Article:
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Modern languages and NGO work abroad

A good way with languages can be as important as a good heart if you want to make a difference in the world. Read on to find out about how you could use your language skills working abroad with an NGO.

What is an NGO?

An NGO is a non-governmental organisation. This means any organisation that isn’t part of a government or political party, and isn’t a business run mainly for profit.

Although this covers a wide range of organisations, a lot of people usually think of charities or pressure groups when they hear the term NGO. Alongside all the NGOs in the UK, there are thousands more working around the world, making them an exciting career choice for modern languages graduates.

What could I do for an NGO?

The work of NGOs generally falls into two areas: 

  • Operational: These are NGOs that work ‘on the ground’, such as distributing aid during a famine, or doing conservation work to protect endangered species.
  • Advocacy: These are NGOs that work ‘in the backroom’ trying to influence government policy, such as lobbying for laws which protect human rights, or researching corrupt business deals.

Many small NGOs will be either operational or advocacy, while larger ones like Oxfam work in both areas.

However, although every different NGO requires different people with different skills – such as engineers for certain operational work, or research analysts for advocacy – all NGOs working abroad need people with good language skills.

Foreign language graduates could work as interpreters for charity officials talking to local people. They could also act as administrators, organising visas for foreign volunteers, or placing volunteer doctors in hospitals and providing support. Advocacy work, meanwhile, requires people who can make complex arguments to government officials fluently in another language, or organise joint campaigns with other charities and local community groups.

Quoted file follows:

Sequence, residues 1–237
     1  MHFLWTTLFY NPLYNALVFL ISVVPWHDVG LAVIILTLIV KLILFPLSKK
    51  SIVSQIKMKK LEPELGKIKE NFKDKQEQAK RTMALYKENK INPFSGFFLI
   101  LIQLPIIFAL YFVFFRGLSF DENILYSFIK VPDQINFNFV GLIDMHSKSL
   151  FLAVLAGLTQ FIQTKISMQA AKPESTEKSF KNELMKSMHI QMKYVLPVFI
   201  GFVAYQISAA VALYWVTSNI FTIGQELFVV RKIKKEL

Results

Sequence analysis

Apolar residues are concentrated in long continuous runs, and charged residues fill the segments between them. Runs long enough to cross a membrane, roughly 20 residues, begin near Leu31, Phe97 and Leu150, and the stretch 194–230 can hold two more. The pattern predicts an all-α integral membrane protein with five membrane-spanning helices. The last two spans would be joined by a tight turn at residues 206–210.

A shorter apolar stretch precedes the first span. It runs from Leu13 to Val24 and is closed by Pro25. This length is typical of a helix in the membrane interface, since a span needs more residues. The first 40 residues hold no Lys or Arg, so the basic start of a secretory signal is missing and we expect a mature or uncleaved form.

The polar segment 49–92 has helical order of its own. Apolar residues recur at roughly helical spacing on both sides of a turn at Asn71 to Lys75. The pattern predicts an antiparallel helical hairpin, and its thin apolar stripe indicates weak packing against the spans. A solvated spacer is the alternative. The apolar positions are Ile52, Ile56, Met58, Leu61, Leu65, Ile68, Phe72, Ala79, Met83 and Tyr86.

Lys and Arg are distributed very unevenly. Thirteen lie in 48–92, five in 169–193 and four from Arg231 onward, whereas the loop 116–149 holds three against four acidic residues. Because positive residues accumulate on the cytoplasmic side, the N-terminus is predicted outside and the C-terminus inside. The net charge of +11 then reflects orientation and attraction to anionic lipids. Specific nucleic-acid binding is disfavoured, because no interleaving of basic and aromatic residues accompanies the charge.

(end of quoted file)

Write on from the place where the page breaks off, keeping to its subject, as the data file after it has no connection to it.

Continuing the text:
How do I get into an NGO?

copy_of_Humanitarian_Aid_in_Congo_Water.jpgGetting paid work with an NGO can be tricky, since the sector is very competitive. However, the vast majority of NGOs rely on volunteers, and this is the best way of getting the experience and contacts that could lead to a paid job. There are plenty of organisations like GVI and Projects Abroad who arrange placements with NGOs. Some organisations like VSO will want people with professional skills in areas like teaching or medicine, while others will accept general volunteers, so get in touch with them for some advice. You could also contact the NGOs directly yourself, but make sure you do some research and try to speak to other people who've volunteered with them before you commit to anything.

But remember that volunteering abroad isn’t a holiday. It can be very hard work and things might be very different in another country to what you’re used to. However, speaking the local language will mean you might find things easier and find more opportunities than other volunteers. Have a think about where you’d like to go, then research the country and check the traveller’s advice on the Foreign Office website before you decide. You’ll also need to make sure you can afford it, since many NGOs will expect you to pay for your travel and maybe your accommodation and food while you’re working with them.

However, there are also opportunities to use your language skills with NGOs in Britain if you don’t want to move abroad. Charities such as The Refugee Council who work with asylum seekers need people who can speak foreign languages, while advocacy groups like Amnesty International might have opportunities for research or administration posts in their UK offices.

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